Friday, May 11, 2012

OCO-2 is Coming Together

The above image is an artist's conception of OCO-2 in Earth orbit. Image Credit NASA/JPL-Caltech

Here is a pre-flight update on NASA's Orbiting Carbon Observatory-2 (OCO-2), which may launch as early as the summer of 2014. The Jet Propulsion Laboratory has completed work on the spacecraft's science instrument -- the heart of the OCO-2 spacecraft.

Early on Tuesday, May 9, a truck carrying the instrument left Pasadena. Later that afternoon it reached Orbital Science Corporation's Satellite Manufacturing Facility in Gilbert, Arizona. And later this month, the instrument will be integrated with the Orbital-built OCO-2 spacecraft bus, which arrived in Gilbert on April 30.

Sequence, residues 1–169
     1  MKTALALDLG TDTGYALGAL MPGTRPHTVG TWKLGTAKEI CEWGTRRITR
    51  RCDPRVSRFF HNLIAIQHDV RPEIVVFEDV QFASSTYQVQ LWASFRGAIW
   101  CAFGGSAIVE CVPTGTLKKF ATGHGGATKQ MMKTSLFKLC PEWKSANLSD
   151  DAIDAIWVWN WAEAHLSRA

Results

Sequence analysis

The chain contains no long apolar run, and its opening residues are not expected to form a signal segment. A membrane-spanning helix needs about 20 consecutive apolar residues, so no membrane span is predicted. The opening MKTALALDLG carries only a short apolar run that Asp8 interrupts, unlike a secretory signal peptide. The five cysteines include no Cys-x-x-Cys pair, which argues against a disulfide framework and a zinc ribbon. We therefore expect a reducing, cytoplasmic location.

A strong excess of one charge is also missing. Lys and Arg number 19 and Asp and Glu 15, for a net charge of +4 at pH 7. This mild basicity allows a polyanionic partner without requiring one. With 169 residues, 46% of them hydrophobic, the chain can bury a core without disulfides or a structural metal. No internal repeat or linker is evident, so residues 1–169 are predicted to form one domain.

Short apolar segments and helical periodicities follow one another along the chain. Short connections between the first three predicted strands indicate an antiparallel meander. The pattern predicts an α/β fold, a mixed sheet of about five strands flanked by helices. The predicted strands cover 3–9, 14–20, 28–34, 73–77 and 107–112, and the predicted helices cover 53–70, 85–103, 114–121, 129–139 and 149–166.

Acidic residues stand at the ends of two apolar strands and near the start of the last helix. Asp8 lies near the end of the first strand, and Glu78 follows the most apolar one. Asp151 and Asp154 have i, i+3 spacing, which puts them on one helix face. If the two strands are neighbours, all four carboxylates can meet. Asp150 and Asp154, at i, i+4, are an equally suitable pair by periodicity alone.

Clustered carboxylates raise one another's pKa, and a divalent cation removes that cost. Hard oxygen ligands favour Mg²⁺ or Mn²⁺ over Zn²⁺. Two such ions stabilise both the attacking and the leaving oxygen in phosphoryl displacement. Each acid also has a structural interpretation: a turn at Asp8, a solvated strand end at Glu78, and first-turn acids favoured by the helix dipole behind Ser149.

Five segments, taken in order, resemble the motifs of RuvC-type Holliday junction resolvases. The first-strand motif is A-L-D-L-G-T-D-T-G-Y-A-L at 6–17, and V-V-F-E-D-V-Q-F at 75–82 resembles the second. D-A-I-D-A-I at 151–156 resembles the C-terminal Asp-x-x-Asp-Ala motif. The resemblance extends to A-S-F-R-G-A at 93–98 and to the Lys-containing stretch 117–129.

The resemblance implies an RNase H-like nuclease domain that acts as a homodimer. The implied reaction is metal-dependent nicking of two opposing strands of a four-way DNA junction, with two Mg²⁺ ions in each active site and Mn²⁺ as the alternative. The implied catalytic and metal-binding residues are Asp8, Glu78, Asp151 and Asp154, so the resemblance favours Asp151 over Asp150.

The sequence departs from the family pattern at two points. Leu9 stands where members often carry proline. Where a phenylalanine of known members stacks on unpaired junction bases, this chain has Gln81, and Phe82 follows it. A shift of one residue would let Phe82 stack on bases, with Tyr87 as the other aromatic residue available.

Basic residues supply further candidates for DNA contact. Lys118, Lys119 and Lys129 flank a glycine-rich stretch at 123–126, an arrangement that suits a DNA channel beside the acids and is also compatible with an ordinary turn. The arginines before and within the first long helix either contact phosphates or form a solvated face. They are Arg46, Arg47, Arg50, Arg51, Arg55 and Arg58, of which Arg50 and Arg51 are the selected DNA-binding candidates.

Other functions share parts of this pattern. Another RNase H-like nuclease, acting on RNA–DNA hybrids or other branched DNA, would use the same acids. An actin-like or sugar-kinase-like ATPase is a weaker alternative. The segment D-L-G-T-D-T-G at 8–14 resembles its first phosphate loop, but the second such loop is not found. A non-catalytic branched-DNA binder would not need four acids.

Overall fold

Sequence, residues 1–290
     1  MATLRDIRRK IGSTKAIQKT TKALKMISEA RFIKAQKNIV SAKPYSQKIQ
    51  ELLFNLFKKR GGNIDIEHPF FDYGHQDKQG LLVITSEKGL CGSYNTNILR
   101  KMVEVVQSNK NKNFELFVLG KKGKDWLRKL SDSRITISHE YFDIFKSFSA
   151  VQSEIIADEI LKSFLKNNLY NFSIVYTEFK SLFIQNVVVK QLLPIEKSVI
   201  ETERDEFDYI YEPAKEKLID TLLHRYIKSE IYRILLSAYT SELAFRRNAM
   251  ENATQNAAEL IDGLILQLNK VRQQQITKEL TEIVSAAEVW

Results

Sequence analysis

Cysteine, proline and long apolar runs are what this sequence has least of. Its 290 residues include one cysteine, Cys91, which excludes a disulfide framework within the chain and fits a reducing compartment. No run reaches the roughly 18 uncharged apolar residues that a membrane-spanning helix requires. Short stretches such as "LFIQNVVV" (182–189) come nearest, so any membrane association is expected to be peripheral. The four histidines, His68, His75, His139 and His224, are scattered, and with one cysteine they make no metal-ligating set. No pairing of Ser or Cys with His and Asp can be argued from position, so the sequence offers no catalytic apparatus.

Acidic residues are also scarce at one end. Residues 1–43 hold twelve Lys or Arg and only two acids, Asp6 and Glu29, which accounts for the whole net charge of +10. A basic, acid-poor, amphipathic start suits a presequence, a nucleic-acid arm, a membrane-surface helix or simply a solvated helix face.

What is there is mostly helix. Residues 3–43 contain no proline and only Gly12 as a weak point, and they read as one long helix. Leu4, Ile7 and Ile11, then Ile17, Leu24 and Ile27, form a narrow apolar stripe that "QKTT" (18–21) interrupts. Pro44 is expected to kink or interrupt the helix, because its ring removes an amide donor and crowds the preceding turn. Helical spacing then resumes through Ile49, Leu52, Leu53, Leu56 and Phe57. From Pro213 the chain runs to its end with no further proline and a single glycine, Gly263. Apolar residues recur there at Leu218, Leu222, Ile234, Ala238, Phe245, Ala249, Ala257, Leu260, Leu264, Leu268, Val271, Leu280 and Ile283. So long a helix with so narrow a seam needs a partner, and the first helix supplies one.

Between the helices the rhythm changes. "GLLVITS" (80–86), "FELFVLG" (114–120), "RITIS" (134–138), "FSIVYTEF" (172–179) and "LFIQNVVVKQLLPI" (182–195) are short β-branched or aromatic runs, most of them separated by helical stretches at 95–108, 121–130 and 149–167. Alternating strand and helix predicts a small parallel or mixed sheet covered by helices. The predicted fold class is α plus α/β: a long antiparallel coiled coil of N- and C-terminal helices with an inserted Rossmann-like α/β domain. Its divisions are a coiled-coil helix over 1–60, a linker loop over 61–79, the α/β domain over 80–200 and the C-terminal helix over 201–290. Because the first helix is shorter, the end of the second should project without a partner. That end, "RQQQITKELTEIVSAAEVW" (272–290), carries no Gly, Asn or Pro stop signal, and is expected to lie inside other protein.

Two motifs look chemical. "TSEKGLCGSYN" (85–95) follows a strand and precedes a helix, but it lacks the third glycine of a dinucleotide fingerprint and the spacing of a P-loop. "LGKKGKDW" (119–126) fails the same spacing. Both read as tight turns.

OCO-2 is the latest mission in NASA's study of the global carbon cycle and NASA's first mission dedicated to studying atmospheric carbon dioxide. Carbon dioxide is the most significant human-produced greenhouse gas and the principal human-produced driver of climate change.

The original OCO mission was lost shortly after launch on February 24, 2009, when the Taurus XL launch vehicle carrying it malfunctioned and failed to reach orbit. If all continues on schedule, OCO-2 will launch from Vandenberg Air Force Base, California, as early as the summer of 2014.

And now, the mission particulars...

OCO-2 is managed by JPL for NASA's Science Mission Directorate, Washington. Orbital Sciences Corporation, Dulles, Virginia, built the spacecraft and provides mission operations under JPL's leadership. The California Institute of Technology in Pasadena manages JPL for NASA.

For more information on OCO-2, visit: and .


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